Can I Create Multiple Folders on My Website for Different WordPress Themes?
Creating a website has never been easier – thanks to the plethora of free tools like WordPress itself, which powers well over 90% of the websites on the internet. However, you may find that you have to pay close attention to detail if you want your website to look perfect.
After all, the way you lay out your website has a lot to do with how it appears – and that means the fonts, colors, images, and more all have to be perfectly matched to give it that polished finished look that you desire. When it comes to matching these details exactly, it can be tricky. That’s where the art of creating multiple folders on your website comes in.
Here, we’ll show you how to take advantage of this strategy and how you can use different folders to create distinct themes for your website. We’ll also teach you a little bit about web design so that you can create a beautiful masterpiece.
Why Should You Use Multiple Folders?
We live in a world of varied devices and internet connections. That means your website may not look the same on everyones’ screen. To account for that, you should use multiple folders.
By creating separate folders for each device type (e.g., mobile, tablet, and desktop), you ensure that each version of your site will have the necessary files and that people will be able to enjoy the content you provide regardless of their screen size.
You may also want to create separate folders for retina and non-retina images – as many digital cameras are becoming more upscale, and pixels are more costly, you want to make sure you’re not wasting any on your site. It’s always better to have more information in smaller sizes.
Top Tips For Creating Multiple Folders
Since you’ll be moving a lot of content to your site (such as posts, media, and more) from other sources, you may want to use dedicated folder structures to keep everything organized. That way, you can be sure that when you download the entire archive, you’ll have all the content you need in the right place – and you won’t have to worry about mismatched files due to varied source order.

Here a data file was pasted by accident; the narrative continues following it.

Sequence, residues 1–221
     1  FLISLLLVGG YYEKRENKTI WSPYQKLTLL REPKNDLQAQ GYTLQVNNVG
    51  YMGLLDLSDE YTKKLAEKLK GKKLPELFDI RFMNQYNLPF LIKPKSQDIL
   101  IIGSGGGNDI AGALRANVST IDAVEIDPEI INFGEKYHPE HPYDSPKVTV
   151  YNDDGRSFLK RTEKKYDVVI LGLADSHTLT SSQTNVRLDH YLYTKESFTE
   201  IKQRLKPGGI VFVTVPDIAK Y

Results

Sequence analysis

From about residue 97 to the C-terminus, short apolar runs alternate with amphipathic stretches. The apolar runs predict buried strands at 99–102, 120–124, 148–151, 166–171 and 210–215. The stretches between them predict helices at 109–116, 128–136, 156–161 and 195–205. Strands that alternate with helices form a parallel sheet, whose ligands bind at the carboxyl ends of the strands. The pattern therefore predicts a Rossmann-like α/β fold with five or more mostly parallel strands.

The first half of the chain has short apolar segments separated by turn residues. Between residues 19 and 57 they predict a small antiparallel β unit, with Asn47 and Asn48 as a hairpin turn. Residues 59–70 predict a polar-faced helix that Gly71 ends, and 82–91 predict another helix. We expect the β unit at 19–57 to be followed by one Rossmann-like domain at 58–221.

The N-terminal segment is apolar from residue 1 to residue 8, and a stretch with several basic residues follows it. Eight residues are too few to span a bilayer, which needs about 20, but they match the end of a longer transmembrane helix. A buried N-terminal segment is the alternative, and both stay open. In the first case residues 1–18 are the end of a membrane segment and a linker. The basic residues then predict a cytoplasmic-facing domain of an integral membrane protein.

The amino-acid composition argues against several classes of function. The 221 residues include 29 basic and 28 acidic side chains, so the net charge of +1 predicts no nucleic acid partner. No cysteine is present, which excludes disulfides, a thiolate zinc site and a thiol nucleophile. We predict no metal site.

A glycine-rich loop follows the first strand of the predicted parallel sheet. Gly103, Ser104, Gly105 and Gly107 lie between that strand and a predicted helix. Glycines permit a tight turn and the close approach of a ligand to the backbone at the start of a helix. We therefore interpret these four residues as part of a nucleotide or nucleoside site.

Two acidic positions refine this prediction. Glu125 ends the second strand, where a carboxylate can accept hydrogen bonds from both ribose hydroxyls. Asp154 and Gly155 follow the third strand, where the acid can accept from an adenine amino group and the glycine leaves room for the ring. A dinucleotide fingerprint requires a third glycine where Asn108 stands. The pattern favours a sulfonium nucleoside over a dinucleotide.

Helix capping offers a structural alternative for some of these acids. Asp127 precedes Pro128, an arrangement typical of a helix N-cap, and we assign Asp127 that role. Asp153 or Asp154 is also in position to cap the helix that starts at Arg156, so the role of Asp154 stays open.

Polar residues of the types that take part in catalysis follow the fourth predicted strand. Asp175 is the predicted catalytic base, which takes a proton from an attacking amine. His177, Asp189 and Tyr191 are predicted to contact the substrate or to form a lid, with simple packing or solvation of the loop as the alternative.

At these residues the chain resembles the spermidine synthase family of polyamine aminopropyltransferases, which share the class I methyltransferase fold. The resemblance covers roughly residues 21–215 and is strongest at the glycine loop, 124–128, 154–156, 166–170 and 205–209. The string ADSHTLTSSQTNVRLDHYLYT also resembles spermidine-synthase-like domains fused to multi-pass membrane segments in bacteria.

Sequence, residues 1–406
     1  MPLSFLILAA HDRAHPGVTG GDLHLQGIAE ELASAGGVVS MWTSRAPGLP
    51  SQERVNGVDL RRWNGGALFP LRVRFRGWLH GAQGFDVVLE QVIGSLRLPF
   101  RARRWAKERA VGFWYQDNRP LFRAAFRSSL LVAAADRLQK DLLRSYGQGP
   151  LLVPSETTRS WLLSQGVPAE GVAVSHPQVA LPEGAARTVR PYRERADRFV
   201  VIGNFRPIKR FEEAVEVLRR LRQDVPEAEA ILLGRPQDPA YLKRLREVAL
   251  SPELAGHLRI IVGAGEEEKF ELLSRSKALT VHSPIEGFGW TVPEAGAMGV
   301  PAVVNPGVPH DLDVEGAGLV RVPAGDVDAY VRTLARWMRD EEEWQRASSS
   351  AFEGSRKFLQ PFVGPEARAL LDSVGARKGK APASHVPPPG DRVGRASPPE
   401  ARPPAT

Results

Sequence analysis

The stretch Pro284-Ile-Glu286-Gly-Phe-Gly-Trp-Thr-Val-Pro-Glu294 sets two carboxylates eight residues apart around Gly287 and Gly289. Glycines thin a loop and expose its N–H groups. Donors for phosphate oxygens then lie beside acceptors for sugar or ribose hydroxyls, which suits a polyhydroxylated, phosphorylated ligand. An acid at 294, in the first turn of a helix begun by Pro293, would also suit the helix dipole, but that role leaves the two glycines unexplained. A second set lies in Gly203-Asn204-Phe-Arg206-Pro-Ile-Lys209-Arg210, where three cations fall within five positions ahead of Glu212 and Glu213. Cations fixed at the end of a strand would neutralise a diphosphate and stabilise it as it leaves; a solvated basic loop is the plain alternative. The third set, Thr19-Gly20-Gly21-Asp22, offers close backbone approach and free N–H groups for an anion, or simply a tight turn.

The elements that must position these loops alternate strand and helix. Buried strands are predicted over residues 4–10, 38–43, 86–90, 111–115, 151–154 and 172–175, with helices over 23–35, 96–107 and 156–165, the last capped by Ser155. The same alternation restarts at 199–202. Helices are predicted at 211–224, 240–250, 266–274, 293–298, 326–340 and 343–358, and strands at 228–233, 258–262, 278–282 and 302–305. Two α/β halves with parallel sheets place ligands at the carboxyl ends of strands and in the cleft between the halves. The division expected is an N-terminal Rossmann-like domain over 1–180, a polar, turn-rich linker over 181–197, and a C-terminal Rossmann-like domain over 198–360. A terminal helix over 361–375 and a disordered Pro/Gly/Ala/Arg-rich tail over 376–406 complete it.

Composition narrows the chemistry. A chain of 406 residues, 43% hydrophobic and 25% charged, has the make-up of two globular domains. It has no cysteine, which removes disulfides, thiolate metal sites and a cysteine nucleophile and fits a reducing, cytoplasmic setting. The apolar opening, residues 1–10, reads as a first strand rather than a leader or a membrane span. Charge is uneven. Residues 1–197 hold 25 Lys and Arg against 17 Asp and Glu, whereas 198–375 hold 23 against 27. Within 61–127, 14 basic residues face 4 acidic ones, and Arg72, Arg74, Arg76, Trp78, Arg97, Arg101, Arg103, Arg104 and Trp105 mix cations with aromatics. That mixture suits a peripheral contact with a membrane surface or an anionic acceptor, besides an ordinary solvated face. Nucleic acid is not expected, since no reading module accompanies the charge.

One thing to keep in mind is that, when you’re moving content from one place to another on your site, you may have to tweak a few things here and there to make sure everything fits. For example, if you’re importing posts from one platform to another (e.g., a mobile-friendly WordPress site to a web-based forum), you’ll have to change the post format to make it compatible with the host platform – but you can usually do this automatically by selecting the correct settings from within the importing tool. This will usually take care of any manual intervention you may have to perform on your end to get everything set up correctly. Otherwise, you may find that you have to go through a tedious process of manually editing your posts once they’re up on your site.
How To Use Different WordPress Themes With Different Folders
So you’ve decided to create multiple folders on your website. Excellent! Now it’s time to use those folders to create distinct themes for your site. For this, you’ll want to use a service like Gravity Forms – it will make creating and maintaining a shopping cart much easier. In addition, you can use its API to import products, payment methods, and more, as well as connect with third-party services like Dropbox, Google, and more – all without you having to code a thing.
When using different WordPress themes with different folders, you need to make sure that the files for each theme are in the right place – and that means putting them in the correct folder. For example, if you’re using the TwentyFourteen theme from WordPress, you would put all of its associated files in the \twentyfourteen folder.
This theme is very customizable, and you may want to use that to your advantage and create a unique look for your site. If you ever decide to change themes, all your previous work will be preserved.
Create A Folder For Each New Theme